Current Gambling Law in Trinidad and Tobago has not provided enough control to prevent a boom in the Gaming Industry. The Government is now trying to address that.
Trinidad and Tobago
Trinidad and Tobago are islands in the Caribbean sea lying north-east of Venezuela. Rich with oil revenue, the country enjoys some of the highest living standards of any Island in the Caribbean. The culture is very mixed with a population of Indian and Black inhabitants. Following the abolition of slavery in 1834 a new source of cheap workers was required for the sugar plantations. The solution was migrating indentured workers from India. Thousands were brought in between 1845 and 1917.
Earlier this week, Finance Minister Colm Imbert announced that the annual turnover for Gambling was 12 billion dollars a year. He said if you add revenue from the National Lottery it is at least 16 million dollars. Gambling Law in Trinidad and Tobago has not existed in any controlling form.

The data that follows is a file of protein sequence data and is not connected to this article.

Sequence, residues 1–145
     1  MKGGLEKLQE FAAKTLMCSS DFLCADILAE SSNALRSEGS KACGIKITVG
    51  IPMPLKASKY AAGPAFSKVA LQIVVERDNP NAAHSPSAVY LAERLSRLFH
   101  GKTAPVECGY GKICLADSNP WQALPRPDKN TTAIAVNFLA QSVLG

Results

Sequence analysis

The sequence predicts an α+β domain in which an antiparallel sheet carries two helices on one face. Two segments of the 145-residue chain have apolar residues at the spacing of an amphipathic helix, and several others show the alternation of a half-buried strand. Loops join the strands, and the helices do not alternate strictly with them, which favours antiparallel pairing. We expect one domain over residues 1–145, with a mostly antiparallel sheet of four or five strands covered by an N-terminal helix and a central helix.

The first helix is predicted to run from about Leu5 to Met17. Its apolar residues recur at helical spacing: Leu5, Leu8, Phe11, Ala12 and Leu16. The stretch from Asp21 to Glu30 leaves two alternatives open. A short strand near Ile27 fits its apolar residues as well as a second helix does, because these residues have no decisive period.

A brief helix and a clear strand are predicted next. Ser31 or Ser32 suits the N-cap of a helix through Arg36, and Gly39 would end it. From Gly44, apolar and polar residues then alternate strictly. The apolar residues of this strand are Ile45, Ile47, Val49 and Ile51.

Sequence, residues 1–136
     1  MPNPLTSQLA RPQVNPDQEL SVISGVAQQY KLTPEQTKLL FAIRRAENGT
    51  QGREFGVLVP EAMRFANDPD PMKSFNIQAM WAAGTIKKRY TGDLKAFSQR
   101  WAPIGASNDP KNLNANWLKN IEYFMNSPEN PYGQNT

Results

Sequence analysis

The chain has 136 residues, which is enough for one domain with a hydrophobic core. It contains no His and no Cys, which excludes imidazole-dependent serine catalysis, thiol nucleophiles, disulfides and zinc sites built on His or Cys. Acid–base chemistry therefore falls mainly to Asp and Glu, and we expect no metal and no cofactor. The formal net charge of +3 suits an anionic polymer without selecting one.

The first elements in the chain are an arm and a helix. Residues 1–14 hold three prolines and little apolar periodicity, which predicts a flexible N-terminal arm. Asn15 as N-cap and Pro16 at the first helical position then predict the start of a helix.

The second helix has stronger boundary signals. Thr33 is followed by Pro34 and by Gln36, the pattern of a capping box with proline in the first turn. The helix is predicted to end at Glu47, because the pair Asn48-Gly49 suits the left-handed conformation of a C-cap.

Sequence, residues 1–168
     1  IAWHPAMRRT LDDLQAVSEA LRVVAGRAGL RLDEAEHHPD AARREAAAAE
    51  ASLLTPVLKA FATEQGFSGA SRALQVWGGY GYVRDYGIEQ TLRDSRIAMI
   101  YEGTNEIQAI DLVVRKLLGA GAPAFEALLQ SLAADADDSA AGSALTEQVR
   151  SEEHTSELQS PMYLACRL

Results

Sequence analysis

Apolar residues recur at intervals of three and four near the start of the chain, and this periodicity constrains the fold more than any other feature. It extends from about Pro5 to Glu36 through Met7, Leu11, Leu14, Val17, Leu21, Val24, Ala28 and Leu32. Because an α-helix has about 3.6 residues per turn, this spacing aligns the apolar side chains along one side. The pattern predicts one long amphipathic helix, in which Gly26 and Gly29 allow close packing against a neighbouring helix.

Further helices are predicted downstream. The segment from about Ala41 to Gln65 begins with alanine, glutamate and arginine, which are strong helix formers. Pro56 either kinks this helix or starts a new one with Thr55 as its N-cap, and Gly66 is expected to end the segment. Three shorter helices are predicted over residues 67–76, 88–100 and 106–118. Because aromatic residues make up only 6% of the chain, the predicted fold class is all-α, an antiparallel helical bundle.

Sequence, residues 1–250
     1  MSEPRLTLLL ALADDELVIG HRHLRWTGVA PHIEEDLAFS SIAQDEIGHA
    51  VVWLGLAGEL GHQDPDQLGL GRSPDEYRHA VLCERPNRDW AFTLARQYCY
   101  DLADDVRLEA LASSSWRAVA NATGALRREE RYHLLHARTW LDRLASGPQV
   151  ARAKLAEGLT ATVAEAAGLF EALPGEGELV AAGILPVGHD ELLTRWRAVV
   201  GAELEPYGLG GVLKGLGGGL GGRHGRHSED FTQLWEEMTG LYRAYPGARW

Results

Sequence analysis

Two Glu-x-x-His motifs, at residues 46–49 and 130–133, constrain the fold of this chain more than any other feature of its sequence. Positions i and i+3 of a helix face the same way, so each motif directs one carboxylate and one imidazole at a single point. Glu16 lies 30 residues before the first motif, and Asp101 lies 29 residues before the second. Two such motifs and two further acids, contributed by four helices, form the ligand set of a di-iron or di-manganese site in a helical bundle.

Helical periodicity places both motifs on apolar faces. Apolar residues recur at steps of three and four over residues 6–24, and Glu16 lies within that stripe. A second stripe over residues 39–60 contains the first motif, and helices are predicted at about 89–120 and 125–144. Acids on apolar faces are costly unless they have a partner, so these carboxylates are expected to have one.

He also said gambling has exploded due to high numbers of Private Members Clubs and an amendment to the Liquor Licences Act in 2014. The law amendment allowed businesses with a liquor licence, for example bars, to have 20 amusement games. Colm Imbert said it is estimated that there are 20,000 gaming machines operating in 4,000 bars and 200 Private Members Clubs. Currently 7,000 people are employed in the gaming sector either directly or indirectly.
The announcement followed a new all-encompassing Gambling Bill which is being considered by the Joint Select Committee. Colm Imbert says that regulation of the gaming industry could generate 500 million dollars in revenue for the Government.
There are fears that the new bill, if passed will strangle the gaming industry. The Islands Members Club Association says that it will cause massive job losses. The Members Club Association has carried out a lot of research. Consequently, they say there are many flaws in the proposed new legislation. They hope the Joint Select Committee will produce a law which is fair to stakeholders within the gaming industry, as well as Government.
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